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PW 1232 Children’s exposure to physical abuse from a child perspective-a population based study in rural bangladesh
  1. M Atiqul Haque1,2,
  2. Staffan Janson3,
  3. Syed Monirruzzaman1,
  4. Saidur Rahman Mashreky4,5,
  5. AKM Fazlur Rahman4,5,
  6. Syed Shariful Islam2,
  7. Ulla-Britt Eriksson1
  1. 1Karlstad University, Karlstad, Sweden
  2. 2Bangabandhu Sheikh Mujib Medical University, Bangladesh
  3. 3Uppsala University, Sweden
  4. 4Center for Injury Prevention and Research, Bangladesh
  5. 5Bangladesh University of Health Sciences, Bangladesh


Although child physical abuse is considered a major public health and social problem in Bangladesh, few studies have assessed the prevalence of multiple forms of child physical abuse.

This population-based study estimated the prevalence of child physical abuse by adult in rural Bangladesh and examined its association with demographic and socio-contextual factors of the children.

Data were mainly obtained by administering ISPCAN Child Abuse Screening Tool for Children (ICAST-C) from a random sample of 1416 children (49% female) aged 11 to 17 years by face-to-face interview during March -April in 2017 with a response rate of 91.5%. Physical abuse was categorized into ‘frequent (≥3 occurrences past year)’ and ‘less frequent to none’ and risk factors for the frequent category were estimated.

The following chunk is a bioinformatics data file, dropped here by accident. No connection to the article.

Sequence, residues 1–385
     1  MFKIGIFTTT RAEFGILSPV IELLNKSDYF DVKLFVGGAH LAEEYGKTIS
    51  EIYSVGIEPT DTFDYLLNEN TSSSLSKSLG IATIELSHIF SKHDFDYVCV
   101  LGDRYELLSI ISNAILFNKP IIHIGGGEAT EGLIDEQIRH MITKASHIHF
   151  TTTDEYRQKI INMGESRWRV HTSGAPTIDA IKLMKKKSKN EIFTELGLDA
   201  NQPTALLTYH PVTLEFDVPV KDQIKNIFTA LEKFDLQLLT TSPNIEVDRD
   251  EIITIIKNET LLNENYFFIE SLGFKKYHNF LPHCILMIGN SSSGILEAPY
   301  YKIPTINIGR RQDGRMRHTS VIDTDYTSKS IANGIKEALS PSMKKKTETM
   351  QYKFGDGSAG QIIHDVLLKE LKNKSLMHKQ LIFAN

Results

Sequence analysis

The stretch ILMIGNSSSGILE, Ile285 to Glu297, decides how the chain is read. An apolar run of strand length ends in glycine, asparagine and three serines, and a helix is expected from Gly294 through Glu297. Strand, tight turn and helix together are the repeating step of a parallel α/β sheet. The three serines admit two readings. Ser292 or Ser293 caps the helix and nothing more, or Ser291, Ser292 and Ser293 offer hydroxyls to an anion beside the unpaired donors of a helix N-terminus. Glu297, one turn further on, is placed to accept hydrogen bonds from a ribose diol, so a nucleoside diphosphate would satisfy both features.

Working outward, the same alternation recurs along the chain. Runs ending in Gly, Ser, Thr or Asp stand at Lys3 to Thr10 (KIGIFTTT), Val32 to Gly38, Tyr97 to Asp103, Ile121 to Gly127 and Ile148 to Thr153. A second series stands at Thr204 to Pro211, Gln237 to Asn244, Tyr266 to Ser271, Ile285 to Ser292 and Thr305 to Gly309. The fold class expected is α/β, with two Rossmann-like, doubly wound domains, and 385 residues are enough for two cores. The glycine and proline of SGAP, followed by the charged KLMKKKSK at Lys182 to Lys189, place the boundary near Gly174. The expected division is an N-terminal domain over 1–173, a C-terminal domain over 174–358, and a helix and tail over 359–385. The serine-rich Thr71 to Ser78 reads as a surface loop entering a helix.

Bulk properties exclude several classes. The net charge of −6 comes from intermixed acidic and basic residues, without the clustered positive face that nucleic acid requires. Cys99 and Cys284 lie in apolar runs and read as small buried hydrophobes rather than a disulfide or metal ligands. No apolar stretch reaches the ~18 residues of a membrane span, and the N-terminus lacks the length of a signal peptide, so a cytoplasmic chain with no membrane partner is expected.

Prevalence of at least one form, two forms and three or more forms of child physical abuse were estimated approximately 99%, 95% and 83% in their lifetime and 93%, 79% and 57% in the past year respectively. Hitting (without buttock), standing/kneeling and slapping were the most common physical abuse whereas giving drugs/alcohol, pinched, burned/scalded, beat-up and locked-up reported minimum. Male children, younger age groups, witness of domestic violence with weapons, bullied by siblings and low maternal education were found significant risk factors for at least one form of ‘frequent’ physical violence, whereas male children, younger age groups, adult shouted in a frightening way, witnessed adults using weapons at home, bullied by siblings, low maternal education were found as significant risk factors for ≥2 forms of frequent child physical abuse.

Self-reported prevalence of child physical abuse was extremely common in Bangladeshi rural society. The prevalence was associated with demographic and socio-contextual characteristics of the children.

The findings provide empirical evidence to support public health professionals and policy-makers to take effective measure to reduce child physical abuse in Bangladesh.

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